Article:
Sunday, 3 February 2013
If the series had been able to include one single work of science fiction (sf), then I suggest that it should have been HG Wells' The Time Machine, an admirably brief speculation about the nature of time and the future of mankind with vivid imaginative descriptions of "time traveling." If an expanded edition of the series were to include a volume of sf, then I suggest that the contents should be:
Frankenstein or The Modern Prometheus;
The Time Machine;
Last And First Men;
the first page of Superman from Action Comics no 1, June 1938.
Frankenstein, the first sf novel, addressing the issue of the legitimacy or otherwise of scientific inquiry, is listed as "Additional Reading" on "Science," one of the 102 "great ideas of Western thought," from "Angels" to "World," identified by the Great Books editors. The Time Machine is listed for "Progress" and "Time."
I think that Superman should be included among the works of fiction because:
it can be represented by a single page;
whereas the Great Books includes Nietzsche among the philosophers, the comic book Superman was created by an American Jewish writer-artist team during the period when the Nazis were in power in Germany;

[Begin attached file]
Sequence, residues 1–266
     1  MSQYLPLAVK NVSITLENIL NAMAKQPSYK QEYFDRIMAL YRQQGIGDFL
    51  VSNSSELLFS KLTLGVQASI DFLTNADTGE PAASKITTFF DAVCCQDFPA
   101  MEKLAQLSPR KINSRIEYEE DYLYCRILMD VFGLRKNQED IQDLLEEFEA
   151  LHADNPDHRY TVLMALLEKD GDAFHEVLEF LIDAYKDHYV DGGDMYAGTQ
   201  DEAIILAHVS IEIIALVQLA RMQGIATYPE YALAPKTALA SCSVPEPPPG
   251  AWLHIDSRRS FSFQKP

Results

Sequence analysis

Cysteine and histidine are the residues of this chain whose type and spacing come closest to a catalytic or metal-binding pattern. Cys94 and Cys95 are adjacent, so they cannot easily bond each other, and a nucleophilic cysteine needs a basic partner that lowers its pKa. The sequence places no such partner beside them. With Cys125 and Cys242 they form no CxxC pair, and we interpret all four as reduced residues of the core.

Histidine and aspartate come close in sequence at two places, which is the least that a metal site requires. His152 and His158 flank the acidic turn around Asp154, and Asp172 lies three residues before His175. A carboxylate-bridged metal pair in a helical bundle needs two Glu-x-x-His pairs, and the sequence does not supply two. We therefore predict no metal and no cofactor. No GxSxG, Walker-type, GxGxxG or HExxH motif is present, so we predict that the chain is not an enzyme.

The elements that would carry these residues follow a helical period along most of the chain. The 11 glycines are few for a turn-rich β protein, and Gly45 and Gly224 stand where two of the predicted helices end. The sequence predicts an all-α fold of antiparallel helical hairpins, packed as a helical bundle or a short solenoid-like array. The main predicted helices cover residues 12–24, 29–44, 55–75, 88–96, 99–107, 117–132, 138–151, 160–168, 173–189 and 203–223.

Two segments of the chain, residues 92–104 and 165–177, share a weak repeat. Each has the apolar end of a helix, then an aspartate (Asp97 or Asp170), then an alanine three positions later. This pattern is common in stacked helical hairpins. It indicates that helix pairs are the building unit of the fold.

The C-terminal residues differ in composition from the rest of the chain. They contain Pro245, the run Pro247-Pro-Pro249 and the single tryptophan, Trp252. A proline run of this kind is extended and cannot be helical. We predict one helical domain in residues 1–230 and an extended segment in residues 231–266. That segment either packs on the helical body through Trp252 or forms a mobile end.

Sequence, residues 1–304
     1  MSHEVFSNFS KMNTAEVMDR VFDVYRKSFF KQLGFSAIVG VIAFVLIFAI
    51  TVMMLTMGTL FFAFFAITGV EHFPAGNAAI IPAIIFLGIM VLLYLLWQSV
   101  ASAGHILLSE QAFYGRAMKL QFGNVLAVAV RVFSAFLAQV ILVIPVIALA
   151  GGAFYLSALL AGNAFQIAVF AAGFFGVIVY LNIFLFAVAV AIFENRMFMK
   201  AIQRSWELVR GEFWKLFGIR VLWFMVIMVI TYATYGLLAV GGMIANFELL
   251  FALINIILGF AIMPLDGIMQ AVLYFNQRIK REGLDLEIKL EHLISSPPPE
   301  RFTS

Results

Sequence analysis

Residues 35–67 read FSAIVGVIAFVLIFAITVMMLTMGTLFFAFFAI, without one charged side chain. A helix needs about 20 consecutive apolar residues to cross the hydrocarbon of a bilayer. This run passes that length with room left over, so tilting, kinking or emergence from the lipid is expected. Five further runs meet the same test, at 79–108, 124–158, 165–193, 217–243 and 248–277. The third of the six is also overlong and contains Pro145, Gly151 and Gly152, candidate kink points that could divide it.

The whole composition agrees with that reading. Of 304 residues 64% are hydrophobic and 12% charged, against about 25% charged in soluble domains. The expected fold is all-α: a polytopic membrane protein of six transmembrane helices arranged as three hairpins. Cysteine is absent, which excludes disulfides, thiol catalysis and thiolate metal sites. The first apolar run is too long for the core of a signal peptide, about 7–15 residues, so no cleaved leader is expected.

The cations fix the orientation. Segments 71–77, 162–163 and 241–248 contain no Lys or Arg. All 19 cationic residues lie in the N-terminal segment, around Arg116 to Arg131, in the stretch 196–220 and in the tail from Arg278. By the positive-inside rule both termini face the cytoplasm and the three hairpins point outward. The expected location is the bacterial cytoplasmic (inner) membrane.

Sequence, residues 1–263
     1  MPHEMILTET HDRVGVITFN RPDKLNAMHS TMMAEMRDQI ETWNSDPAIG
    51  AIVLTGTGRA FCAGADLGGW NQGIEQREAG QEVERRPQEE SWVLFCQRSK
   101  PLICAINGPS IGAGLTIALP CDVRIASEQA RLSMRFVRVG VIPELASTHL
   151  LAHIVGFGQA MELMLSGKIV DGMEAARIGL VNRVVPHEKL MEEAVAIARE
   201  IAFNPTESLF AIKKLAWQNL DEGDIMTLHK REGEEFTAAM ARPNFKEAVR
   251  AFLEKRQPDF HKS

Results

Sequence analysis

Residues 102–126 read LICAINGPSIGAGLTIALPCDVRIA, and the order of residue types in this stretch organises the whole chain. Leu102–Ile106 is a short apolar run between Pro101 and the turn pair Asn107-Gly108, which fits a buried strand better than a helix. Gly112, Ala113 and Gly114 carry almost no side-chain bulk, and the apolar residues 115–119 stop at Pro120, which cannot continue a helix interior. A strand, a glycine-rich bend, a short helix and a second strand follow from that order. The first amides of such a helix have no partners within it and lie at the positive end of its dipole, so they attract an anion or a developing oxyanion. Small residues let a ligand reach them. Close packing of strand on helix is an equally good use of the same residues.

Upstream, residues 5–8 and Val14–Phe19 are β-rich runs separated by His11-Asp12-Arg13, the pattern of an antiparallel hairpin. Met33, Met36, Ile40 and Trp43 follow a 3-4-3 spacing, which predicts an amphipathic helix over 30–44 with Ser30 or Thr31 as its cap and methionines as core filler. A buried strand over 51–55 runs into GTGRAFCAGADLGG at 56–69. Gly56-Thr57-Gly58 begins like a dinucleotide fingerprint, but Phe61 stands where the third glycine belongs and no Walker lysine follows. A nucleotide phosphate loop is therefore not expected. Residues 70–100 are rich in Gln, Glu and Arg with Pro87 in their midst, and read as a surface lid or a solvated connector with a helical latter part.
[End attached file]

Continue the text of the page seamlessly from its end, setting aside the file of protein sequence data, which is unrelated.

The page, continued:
this Superman not only represents a transition of media from prose fiction to sequential art but also initiated the transition of genres from sf to superheroes, just as Frankenstein had initiated the earlier transition of genres from Gothic fiction to sf;
it should be recognized that narrative, drama and sequential art are the three story-telling media;
superheroes, also known as mystery men, are a major modern multi-media mythology mainly in magazines and movies;
the "Additional Reading" for Superman would include the seminal sf novel, Gladiator by Philip Wylie, a possible source for Superman, and Alan Moore's major work, Marvelman/Miracleman, which not only expresses but also reflects on ancient and modern mythology.